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Dr. Kestner: Ten tips that may help reduce arthritis pain

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There’s a reason health articles include advice to talk to your healthcare provider before doing home treatment. The human body is overwhelmingly complex and each of us is vastly different from everyone else in many ways. While these suggestions may benefit you or the next patient that walks into my office, they might not be a good idea for your neighbor. These tips are not intended as medical advice for any specific condition. If you have severe joint pain, redness, swelling, or restricted motion, consult your healthcare provider. These tips are appropriate for many cases of arthritis, but not for all.

Although you may have been told you have “arthritis,” that really isn’t a very specific diagnosis. Arthritis simply means inflammation of the joint and can refer to dozens of possible diagnoses, all of which are unique in the way they present, progress, and respond to various treatments. Over the years, I have also seen patients diagnosed with “arthritis” that should have been more accurately diagnosed with conditions such as spinal disc degeneration, tendonitis, fibromyalgia, bursitis or another condition. A correct diagnosis can improve treatment outcome.

Here are the the 10 tips:

1. Function, function, function. These are the three most important words to joint health. Often arthritis pain causes patients to stop using the affected joints altogether. Although this avoids pain, it can often lead to a worsening problem. Weakness and stiffness are likely.

2. Heat or cold? Although application of mild warmth for a brief period can provide some relief for some arthritis conditions, I sometimes urge patients to throw their heating pad away! Why? Repetitive heat application can activate more inflammation response and may make the problem more chronic. Using a cold (refrigerator-cold, not frozen) gel pack may relieve pain without this risk.

3. Muscles matter. In many patients with arthritis, I find that pain is also coming from the muscles that attach to the joint. Sometimes improving strength and flexibility can help or completely eliminate arthritis pain. Rehab or physical therapy can help.

4. Some arthritis creams work, others don’t. Recent medical research news has cast considerable doubt on the value of many over-the-counter creams sold for arthritis relief. I have found that patients do get relief from two types of topical creams or gels: those containing either capsaicin (ingredient in hot peppers) or menthol. These types of products are so reliable that we keep them available in our clinic for the convenience of our patients. They are also available in pharmacies.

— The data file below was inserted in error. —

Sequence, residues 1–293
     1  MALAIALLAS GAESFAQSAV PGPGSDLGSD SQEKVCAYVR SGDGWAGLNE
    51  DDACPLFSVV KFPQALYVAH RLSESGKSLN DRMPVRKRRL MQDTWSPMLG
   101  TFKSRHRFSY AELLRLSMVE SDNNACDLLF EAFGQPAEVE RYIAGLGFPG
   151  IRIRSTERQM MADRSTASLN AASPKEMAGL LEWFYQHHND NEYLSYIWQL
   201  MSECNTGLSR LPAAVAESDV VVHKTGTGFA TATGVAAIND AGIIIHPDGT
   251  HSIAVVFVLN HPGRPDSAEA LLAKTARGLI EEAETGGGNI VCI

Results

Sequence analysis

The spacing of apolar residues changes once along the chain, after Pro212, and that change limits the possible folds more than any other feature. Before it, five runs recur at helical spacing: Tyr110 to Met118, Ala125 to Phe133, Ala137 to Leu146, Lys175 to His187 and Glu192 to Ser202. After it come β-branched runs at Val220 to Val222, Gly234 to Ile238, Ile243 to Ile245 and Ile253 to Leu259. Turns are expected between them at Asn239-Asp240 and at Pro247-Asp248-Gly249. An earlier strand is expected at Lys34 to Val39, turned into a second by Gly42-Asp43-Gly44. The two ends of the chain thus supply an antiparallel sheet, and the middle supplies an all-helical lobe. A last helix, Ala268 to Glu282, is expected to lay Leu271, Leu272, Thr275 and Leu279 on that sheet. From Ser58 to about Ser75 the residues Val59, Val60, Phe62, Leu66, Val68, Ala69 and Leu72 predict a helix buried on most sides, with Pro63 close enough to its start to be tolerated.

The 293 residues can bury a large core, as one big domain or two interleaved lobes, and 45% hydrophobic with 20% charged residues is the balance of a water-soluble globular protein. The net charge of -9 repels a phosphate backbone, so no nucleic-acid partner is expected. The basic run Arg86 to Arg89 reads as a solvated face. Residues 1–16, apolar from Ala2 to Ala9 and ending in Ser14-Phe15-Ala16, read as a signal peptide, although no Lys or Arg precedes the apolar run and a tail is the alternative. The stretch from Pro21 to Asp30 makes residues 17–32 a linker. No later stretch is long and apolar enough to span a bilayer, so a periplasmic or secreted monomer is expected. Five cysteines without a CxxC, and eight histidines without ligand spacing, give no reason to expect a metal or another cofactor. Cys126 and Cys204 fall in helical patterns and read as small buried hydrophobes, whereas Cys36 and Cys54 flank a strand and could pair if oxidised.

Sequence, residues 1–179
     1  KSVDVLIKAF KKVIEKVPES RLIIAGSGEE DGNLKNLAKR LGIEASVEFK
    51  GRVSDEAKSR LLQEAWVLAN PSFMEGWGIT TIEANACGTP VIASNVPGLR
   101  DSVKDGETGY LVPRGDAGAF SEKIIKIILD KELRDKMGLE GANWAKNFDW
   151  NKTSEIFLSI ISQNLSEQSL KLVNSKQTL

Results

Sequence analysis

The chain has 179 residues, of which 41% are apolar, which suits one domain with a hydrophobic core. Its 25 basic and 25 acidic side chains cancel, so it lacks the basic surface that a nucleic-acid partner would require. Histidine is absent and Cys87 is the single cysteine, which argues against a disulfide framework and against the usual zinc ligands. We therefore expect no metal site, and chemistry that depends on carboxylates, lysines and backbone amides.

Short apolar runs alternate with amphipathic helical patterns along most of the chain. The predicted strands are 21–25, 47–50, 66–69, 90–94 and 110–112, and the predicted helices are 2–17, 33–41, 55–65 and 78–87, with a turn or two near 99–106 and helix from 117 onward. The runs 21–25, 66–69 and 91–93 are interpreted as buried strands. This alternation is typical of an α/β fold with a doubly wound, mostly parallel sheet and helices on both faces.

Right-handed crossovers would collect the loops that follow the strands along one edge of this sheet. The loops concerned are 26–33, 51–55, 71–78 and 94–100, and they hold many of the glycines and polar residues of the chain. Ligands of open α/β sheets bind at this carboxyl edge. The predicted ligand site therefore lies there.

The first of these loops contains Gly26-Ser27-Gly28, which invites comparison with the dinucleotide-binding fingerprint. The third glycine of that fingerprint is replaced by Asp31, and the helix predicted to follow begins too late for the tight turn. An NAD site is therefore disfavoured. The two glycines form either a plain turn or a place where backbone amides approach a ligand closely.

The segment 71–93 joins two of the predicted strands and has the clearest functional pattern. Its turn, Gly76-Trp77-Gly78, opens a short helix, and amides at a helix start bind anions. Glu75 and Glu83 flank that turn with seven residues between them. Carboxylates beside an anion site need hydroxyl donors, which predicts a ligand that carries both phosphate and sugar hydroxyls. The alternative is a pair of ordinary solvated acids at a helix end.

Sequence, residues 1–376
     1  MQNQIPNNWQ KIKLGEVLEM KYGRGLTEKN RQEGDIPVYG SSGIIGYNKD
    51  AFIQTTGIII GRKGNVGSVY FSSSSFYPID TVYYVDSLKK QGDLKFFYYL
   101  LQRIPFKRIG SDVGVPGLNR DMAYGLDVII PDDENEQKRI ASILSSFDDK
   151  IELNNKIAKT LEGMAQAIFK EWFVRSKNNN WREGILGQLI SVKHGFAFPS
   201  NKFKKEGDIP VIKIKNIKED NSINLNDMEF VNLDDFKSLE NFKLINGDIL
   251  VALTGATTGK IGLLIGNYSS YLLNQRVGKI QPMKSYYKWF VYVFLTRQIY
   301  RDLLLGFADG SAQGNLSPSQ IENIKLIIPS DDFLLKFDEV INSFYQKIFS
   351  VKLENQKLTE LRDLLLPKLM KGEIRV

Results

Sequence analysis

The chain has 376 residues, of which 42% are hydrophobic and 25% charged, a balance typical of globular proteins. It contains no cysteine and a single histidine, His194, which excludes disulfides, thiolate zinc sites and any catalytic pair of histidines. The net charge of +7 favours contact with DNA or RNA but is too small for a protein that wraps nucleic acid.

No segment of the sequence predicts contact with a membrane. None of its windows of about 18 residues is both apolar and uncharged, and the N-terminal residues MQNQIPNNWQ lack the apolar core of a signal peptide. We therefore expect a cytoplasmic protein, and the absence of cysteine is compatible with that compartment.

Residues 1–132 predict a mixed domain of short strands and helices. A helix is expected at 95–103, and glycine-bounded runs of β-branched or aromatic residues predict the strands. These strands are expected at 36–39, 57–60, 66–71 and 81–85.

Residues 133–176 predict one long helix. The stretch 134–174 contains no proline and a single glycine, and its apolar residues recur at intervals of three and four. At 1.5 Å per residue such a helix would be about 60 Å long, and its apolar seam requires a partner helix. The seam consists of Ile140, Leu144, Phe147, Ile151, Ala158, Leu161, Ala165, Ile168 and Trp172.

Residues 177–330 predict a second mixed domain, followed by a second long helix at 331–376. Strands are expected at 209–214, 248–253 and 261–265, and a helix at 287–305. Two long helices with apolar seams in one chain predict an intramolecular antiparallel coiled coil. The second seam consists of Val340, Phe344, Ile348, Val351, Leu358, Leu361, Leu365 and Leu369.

5. Gaining weight makes arthritis worse. This is very frustrating for many patients. They know that weight gain worsens their condition, but their arthritis pain is so great that they are unable to be active enough to avoid it. I have found that helping patients find activities they can accomplish safely and comfortably is helpful for long term improvement.

6. If pain is increasing, get an examination. Don’t ignore the signs of a worsening condition.

7. Massage often helps. Self massage can make a difference. Professional massage therapy can often be very helpful.

8. Try acupuncture. Arthritis is one of the reasons I began studying acupuncture over 10 years ago. Many arthritis conditions respond well to this proven treatment. (The needles don’t hurt.)

9. Chiropractors work with patients with arthritis every day and typically the results are very positive.

10. Discuss all medications with your primary care provider, even over-the-counter arthritis drugs. Arthritis medications frequently have potential for very serious side effects.

11. What you eat can make a difference. The subject of how foods affect arthritis is too extensive for this article, but a trip to the bookstore might prove beneficial.

12. Wrap or don’t wrap? Wearing an elastic support can be a benefit in some cases. I make recommendations about this on a case-by-case basis.

Murfreesboro Post bonus tip: Don’t give up! Keep looking for solutions. Get a second or third opinion. Try an alternative approach. Don’t learn to live with arthritis pain… learn to live without it. (Clip this page to save or share with a friend!)

Next week I’ll share some inspiring back-to-school tips that you won’t find anywhere else.

Dr. Mark Kestner
Read more from:
Living Well, Mark Kestner, Voices
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